Monday, April 9, 2018
Yesterday I had a problem. I couldn’t find my shorts. I will admit that I have a pretty severe clothing addiction, so you would think that one pair of shorts wouldn’t matter. I do own plenty of shorts, but I only wear one pair, and they were missing. I spent hours looking everywhere possible for my shorts to no avail. After searching behind the dresser with a flashlight and washing every piece of laundry, I thought I would have to give up the fight. They were gone.
My last-ditch effort was to confront my husband, could he have possibly thrown my beloved shorts away? I do wear them almost every day in the summer. Maybe he was tired of seeing the shorts and did them in. My questioning began, “Babe, have you seen my missing shorts? I think I need to put out an APB to find them. You haven’t seen them, have you?”
He said, “You mean the tan and white ones?”
He knew which ones, making him look more guilty. “Did you throw them away? I know you are probably sick of them, but they are the only ones that fit like they were made for me. Just confess if you threw them out, so I can grieve and move on.”
He laughed a bit and said, “No, I didn’t throw them out. I like the way you look in them,” and I told him that I had looked everywhere I could think of.
As I went on about my day, I decided I might have a problem. I worked on the quarterly chore that I dread with a passion- changing my closet over from the winter selection to the spring. The job entails sorting through waaaayyyy too many clothes and dragging them up the stairs to store in a spare closet until next season, then bringing the spring (cooler- but not the coolest clothing) down in exchange- then there are the boots to store and swap for sandals and cute spring shoes.
I’m not sure which thing about the task is the worst, lugging the heavy armloads up and down the stairs, or the shame that I feel when I think about how much money I have wasted on clothing. I haven’t always been a clothing hoarder. For many years, I didn’t have the money to support my clothing habit. I could barely afford to clothe my kids. I guess when I became able to treat myself to buying cute outfits, I got more than a little carried away. As I haul them up and down, I remember each purchase. Oh yeah, I bought that shirt at the mall in Douglasville, or I bought that one at the Anniston TJ Maxx.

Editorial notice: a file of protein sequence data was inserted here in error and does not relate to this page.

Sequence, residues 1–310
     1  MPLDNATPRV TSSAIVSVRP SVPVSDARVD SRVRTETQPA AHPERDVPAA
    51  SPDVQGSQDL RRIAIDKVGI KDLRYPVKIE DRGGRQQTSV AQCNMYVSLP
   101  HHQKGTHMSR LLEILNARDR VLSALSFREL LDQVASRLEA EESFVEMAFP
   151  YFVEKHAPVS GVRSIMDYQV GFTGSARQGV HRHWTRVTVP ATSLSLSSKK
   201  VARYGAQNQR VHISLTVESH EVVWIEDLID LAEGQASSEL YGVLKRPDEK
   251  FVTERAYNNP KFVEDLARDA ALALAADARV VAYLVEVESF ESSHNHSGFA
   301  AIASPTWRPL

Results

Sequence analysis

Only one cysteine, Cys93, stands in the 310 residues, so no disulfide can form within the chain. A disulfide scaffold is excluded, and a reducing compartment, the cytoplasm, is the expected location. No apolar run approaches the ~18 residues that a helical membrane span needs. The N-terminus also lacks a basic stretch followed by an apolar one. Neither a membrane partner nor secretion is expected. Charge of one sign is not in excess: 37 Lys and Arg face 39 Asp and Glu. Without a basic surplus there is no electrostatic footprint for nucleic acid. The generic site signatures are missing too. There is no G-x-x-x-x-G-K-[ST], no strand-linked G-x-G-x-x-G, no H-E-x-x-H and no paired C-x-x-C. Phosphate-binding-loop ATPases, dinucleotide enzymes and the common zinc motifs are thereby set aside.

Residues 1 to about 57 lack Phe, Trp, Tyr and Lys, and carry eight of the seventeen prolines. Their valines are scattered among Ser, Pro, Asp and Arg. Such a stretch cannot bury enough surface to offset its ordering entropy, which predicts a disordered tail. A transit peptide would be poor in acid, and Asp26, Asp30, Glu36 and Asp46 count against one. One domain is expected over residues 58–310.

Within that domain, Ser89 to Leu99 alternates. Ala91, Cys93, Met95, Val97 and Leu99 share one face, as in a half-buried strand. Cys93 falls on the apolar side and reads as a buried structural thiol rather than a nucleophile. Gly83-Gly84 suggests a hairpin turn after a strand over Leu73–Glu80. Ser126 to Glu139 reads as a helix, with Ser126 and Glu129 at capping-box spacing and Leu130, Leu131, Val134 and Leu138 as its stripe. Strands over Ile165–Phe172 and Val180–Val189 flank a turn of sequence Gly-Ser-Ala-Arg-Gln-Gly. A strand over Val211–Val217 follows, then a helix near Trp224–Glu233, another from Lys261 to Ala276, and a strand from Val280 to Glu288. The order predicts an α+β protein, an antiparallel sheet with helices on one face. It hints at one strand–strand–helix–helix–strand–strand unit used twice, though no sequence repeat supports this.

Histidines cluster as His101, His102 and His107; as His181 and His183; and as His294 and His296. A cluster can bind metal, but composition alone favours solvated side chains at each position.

I sort them into categories, to organize the closet to the best of my abilities, making a short sleeve casual section arranged by color, then a work top section arranged by color, and bottoms (skirts, capris, and pants) arranged by color, etc. As I grab each hanger and decide which category they belong I realize something. Of all these things that I haul up and down the stairs, there are only really a few that I wear time and time again. They, like my missing shorts, suit me. The rest of the items are only supplementary impostors pretending to be the clothes I care for. If the impostors were to go missing, I’d probably not even notice, much less grieve their loss.
Swimming in my guilt of excess, I decide to change my evil ways. I vow to radically slow down my clothing purchases. I think before I buy anything else I will ask myself if I really need it, try it on to see if it is the perfect fit, and then gently talk to the article of clothing asking it if we are meant to be. It is going to be hard, but I will practice clothing abstinence.
By the end of the day, my husband came up to me with a smile on his face and a prize in his hands. “Look, what I found behind the chair that I sort laundry on.” I hugged him tightly. He had rescued my nearly eight-year-old shorts, and my grief lifted. The temporary loss of my favorite shorts inspired a commitment to clothing abstinence. Now every time I put them on I will be reminded that I have all I need! It's a good thing that I wear them almost every day, because I'm gonna need a lot of reminding!
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